I told him about the sale of my other book, which was not even a notion when last we met, and that I would let him know when it was out. He congratulated me and said that his parents were also hippies and had run a head shop somewhere in England. Then he wrote me a marvelous pair of inscriptions.

On IRON COUNCIL: "Here is to mutinies everywhere, Indian and others. From one mutineer to another,"

On THE SCAR, which concerns the voyage of a fantastical ship-city and the hunting of an immense interdimensional godly fish-creature: "Here are the _other_ fishes coming home to roost. Congratulations on the book.

'The sea is a continuous miracle.' -Whitman. Take care,"

China is one of my top ten candidates for Coolest! Author! Ever!

(Anyone who knows what the subject line refers to, other than Mr. Mieville, gets a free coffee if you're in the neighborhood.)
China Mieville, author of two of my top ten candidates for Coolest! Novel! Ever! (PERDIDO STREET STATION and THE SCAR), was at a Burbank bookshop tonight signing his latest book, IRON COUNCIL. I heard about this late, dashed out, and showed up just as things were winding down.

I did catch him saying something that I filed away for future writing reference, which was that to get a feeling of culture shock and that the world of the book is huge and real and unexplored, he'll mention things but not explain them, and sometimes he knows what they are and sometimes he doesn't. In PERDIDO STREET STATION he refers to "the Malarial Queendom." At that time, he had no idea what that was, but he thought it sounded cool, and it ended up giving him the idea for the mosquito people in THE SCAR.

He also said that "The New Weird" had been intended as a framework to explore certain ideas, but that as soon as people started talking about it as a literary movement which some people were in and some people weren't, it had passed its time of usefulness. Or something like that-- I only caught the end of that bit.

I had met China at the World Fantasy Convention at Montreal a few years ago, and we chatted for a while about politics and my novel, which involves an alternate version of the Indian mutiny where the mutineers are the protagonists (that's not the alternate part.) He's a socialist who once ran for office as one in England while I'm more of a a social democrat, but my politics are closer to his than they are to those of most Americans I meet. So we had a nice chat. He's a charming, funny, unpretentious person, quite unlike the stereotyped image of a radical leftist.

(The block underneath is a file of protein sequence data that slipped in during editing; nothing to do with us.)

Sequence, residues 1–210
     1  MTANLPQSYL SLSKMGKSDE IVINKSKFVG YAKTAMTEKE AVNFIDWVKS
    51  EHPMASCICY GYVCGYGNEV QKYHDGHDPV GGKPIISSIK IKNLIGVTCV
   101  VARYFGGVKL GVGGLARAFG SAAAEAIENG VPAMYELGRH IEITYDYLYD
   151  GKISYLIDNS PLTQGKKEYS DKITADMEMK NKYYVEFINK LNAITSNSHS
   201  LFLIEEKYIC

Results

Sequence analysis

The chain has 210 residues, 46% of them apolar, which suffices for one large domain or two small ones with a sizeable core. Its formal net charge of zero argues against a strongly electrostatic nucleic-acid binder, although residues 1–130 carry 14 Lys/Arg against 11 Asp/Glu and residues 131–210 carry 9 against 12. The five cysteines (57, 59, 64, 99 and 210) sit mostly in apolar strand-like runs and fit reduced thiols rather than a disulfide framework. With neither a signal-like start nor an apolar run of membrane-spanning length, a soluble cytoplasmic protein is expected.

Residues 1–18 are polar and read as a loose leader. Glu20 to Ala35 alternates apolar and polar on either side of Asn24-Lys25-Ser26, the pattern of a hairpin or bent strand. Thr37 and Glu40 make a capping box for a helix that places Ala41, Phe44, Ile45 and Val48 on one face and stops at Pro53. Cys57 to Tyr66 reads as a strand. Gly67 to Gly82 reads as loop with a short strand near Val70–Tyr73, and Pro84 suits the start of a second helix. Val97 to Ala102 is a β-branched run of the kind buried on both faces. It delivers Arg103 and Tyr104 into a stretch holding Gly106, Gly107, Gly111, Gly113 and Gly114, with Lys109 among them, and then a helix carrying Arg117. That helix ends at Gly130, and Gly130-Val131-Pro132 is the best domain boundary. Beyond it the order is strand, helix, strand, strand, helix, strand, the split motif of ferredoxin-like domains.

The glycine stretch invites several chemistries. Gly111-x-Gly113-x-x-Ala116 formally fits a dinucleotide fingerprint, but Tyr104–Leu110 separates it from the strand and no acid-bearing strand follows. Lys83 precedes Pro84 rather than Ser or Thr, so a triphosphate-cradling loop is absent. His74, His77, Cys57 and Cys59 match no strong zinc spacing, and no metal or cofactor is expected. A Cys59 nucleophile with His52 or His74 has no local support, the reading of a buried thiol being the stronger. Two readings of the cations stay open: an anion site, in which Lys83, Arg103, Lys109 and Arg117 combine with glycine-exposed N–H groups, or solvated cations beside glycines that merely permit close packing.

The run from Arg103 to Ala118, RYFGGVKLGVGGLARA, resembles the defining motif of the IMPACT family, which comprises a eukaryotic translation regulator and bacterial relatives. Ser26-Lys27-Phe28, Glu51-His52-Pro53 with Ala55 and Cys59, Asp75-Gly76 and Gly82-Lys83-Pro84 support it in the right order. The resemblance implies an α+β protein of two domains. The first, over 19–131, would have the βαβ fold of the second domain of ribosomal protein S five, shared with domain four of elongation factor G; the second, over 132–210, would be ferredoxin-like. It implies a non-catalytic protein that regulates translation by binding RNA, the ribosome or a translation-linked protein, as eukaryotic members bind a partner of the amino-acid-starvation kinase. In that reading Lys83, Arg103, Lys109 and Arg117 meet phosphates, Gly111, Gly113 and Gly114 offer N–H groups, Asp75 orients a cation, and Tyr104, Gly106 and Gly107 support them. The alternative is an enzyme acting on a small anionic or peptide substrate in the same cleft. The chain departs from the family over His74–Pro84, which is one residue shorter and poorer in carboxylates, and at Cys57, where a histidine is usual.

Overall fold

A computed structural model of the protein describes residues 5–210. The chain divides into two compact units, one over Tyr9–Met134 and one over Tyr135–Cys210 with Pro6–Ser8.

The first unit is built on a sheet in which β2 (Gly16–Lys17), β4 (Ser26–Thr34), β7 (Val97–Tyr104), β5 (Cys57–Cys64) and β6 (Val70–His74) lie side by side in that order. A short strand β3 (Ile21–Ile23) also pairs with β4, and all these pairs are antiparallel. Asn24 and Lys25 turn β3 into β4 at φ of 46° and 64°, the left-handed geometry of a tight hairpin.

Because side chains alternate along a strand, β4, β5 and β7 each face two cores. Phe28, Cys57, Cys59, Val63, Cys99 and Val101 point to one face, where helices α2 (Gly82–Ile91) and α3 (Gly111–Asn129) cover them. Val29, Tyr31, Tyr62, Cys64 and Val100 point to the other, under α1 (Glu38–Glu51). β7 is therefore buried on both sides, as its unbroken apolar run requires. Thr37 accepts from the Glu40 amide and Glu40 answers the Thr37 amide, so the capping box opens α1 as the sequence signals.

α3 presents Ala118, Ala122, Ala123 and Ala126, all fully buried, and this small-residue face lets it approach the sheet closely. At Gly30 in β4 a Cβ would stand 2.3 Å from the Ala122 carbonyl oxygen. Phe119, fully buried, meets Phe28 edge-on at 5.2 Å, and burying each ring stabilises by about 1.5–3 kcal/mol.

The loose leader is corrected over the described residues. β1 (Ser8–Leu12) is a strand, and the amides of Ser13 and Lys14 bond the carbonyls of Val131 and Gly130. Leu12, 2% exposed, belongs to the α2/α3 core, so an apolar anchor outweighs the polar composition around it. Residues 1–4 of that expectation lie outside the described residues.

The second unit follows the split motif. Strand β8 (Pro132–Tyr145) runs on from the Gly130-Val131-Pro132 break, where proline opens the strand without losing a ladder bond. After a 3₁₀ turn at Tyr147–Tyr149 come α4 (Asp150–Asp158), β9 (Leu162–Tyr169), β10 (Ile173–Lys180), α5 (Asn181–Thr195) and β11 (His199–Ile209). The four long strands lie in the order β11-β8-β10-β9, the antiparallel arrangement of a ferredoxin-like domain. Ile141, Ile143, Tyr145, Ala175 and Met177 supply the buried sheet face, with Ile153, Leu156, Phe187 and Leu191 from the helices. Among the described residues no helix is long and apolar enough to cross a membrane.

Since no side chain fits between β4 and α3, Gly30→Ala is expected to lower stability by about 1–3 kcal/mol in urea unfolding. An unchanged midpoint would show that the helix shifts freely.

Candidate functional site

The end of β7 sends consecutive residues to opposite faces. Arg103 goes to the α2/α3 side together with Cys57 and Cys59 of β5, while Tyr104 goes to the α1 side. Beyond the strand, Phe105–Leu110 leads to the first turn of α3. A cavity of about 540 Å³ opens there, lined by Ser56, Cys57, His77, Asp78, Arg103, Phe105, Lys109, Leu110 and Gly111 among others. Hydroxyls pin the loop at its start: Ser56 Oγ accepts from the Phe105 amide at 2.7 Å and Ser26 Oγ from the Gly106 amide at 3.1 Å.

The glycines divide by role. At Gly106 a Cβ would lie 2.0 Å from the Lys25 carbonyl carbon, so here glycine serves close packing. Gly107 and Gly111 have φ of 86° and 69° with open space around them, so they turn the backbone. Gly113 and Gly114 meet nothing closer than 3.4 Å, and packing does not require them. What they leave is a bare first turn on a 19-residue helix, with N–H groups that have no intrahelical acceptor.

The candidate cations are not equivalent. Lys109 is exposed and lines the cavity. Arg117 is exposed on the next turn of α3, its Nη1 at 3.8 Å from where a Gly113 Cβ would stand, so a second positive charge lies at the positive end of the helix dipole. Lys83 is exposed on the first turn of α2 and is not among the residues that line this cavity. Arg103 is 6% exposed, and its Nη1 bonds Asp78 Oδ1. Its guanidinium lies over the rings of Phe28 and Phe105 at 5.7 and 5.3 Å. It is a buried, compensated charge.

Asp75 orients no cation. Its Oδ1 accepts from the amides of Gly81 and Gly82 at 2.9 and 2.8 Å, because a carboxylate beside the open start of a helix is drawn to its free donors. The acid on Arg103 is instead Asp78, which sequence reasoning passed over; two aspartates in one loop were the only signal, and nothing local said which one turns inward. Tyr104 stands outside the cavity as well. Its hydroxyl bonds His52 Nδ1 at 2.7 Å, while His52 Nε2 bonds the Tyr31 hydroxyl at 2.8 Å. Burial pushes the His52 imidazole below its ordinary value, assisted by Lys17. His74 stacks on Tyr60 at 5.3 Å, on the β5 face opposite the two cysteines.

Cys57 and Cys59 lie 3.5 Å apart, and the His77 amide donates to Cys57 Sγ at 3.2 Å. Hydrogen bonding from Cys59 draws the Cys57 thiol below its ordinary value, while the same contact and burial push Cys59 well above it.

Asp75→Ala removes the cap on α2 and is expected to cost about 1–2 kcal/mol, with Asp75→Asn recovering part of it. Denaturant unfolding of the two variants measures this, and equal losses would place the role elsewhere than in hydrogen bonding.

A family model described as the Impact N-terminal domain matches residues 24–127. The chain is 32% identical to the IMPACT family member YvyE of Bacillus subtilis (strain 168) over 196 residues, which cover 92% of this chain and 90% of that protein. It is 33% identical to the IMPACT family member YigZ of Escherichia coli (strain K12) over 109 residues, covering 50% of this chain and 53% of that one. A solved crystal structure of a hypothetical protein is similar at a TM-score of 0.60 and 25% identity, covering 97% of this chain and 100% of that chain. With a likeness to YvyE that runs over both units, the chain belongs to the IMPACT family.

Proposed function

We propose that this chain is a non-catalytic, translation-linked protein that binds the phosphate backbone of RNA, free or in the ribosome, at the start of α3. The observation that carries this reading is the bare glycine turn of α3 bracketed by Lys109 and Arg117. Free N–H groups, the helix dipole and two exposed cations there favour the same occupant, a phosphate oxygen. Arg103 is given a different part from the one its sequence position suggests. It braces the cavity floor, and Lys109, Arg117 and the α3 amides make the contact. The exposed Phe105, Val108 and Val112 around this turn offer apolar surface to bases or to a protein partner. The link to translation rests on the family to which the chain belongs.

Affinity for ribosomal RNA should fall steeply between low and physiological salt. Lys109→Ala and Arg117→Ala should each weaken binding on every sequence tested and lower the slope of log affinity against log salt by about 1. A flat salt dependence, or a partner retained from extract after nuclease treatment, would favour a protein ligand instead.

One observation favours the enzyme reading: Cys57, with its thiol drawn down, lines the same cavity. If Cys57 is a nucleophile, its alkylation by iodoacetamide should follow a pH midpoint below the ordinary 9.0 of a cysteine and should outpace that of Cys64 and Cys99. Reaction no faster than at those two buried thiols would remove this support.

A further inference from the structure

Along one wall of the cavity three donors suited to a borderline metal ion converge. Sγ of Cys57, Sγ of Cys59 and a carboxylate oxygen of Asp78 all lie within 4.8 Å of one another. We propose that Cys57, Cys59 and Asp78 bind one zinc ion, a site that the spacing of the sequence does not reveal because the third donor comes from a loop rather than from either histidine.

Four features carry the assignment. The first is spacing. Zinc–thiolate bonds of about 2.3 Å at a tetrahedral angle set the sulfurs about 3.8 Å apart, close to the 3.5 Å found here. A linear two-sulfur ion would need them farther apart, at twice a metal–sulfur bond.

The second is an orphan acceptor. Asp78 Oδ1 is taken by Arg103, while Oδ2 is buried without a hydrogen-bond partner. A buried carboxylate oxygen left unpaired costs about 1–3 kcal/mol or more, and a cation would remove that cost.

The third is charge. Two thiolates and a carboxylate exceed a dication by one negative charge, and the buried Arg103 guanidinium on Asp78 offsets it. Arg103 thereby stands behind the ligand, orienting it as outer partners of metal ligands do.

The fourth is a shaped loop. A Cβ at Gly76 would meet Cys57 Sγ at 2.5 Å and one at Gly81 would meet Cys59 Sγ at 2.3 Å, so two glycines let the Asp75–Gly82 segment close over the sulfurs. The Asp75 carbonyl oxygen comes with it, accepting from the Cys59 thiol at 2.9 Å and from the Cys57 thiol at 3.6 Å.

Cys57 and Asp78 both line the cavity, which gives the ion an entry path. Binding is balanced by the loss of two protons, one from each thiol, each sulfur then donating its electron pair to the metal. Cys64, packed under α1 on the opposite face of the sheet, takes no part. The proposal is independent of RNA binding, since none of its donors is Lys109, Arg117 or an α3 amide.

The author photos, which are accurate about the shaved head, tons of silver rings in one ear, and impressive biceps, are nevertheless misleading in that, although he's a big guy, he doesn't come across as menacing or cooler-than-thou in person, and actually fits in smoothly with the usual array of geeks (I include myself) at conventions-- a writing, gaming, politics geek with a better idea than most of how to dress to suit one's particular looks.

I used to think that people who meet me once, briefly, years ago, when I'm the fan and they're the pro, wouldn't remember me, but eventually noticed that they always did remember me as a person, even if they didn't recall my name or where we met, so I was not surprised that China remembered me. (He recalled my last name but not my first, which struck me as odd.)

I told him about the sale of my other book, which was not even a notion when last we met, and that I would let him know when it was out. He congratulated me and said that his parents were also hippies and had run a head shop somewhere in England. Then he wrote me a marvelous pair of inscriptions.

On IRON COUNCIL: "Here is to mutinies everywhere, Indian and others. From one mutineer to another,"

On THE SCAR, which concerns the voyage of a fantastical ship-city and the hunting of an immense interdimensional godly fish-creature: "Here are the _other_ fishes coming home to roost. Congratulations on the book.

'The sea is a continuous miracle.' -Whitman. Take care,"

China is one of my top ten candidates for Coolest! Author! Ever!

(Anyone who knows what the subject line refers to, other than Mr. Mieville, gets a free coffee if you're in the neighborhood.)
.